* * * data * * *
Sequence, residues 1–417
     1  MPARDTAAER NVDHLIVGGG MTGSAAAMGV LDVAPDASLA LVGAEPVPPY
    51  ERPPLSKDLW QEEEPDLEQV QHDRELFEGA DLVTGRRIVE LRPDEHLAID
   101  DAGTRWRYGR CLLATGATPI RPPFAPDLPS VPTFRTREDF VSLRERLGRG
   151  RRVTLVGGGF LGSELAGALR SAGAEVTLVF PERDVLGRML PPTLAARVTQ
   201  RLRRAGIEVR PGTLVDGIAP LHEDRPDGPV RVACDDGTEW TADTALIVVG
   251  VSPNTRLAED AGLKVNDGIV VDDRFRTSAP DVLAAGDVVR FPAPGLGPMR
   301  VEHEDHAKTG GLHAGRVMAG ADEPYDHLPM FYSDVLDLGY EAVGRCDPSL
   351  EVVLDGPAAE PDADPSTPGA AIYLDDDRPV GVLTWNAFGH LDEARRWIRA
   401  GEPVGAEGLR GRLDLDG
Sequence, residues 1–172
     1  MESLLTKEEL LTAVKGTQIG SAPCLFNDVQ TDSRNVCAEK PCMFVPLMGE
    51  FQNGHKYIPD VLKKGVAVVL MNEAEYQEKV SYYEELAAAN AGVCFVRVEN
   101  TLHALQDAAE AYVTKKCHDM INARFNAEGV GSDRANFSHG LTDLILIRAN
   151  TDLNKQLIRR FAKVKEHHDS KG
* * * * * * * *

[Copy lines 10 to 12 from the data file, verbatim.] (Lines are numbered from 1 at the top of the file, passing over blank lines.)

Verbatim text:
   401  GEPVGAEGLR GRLDLDG
Sequence, residues 1–172
     1  MESLLTKEEL LTAVKGTQIG SAPCLFNDVQ TDSRNVCAEK PCMFVPLMGE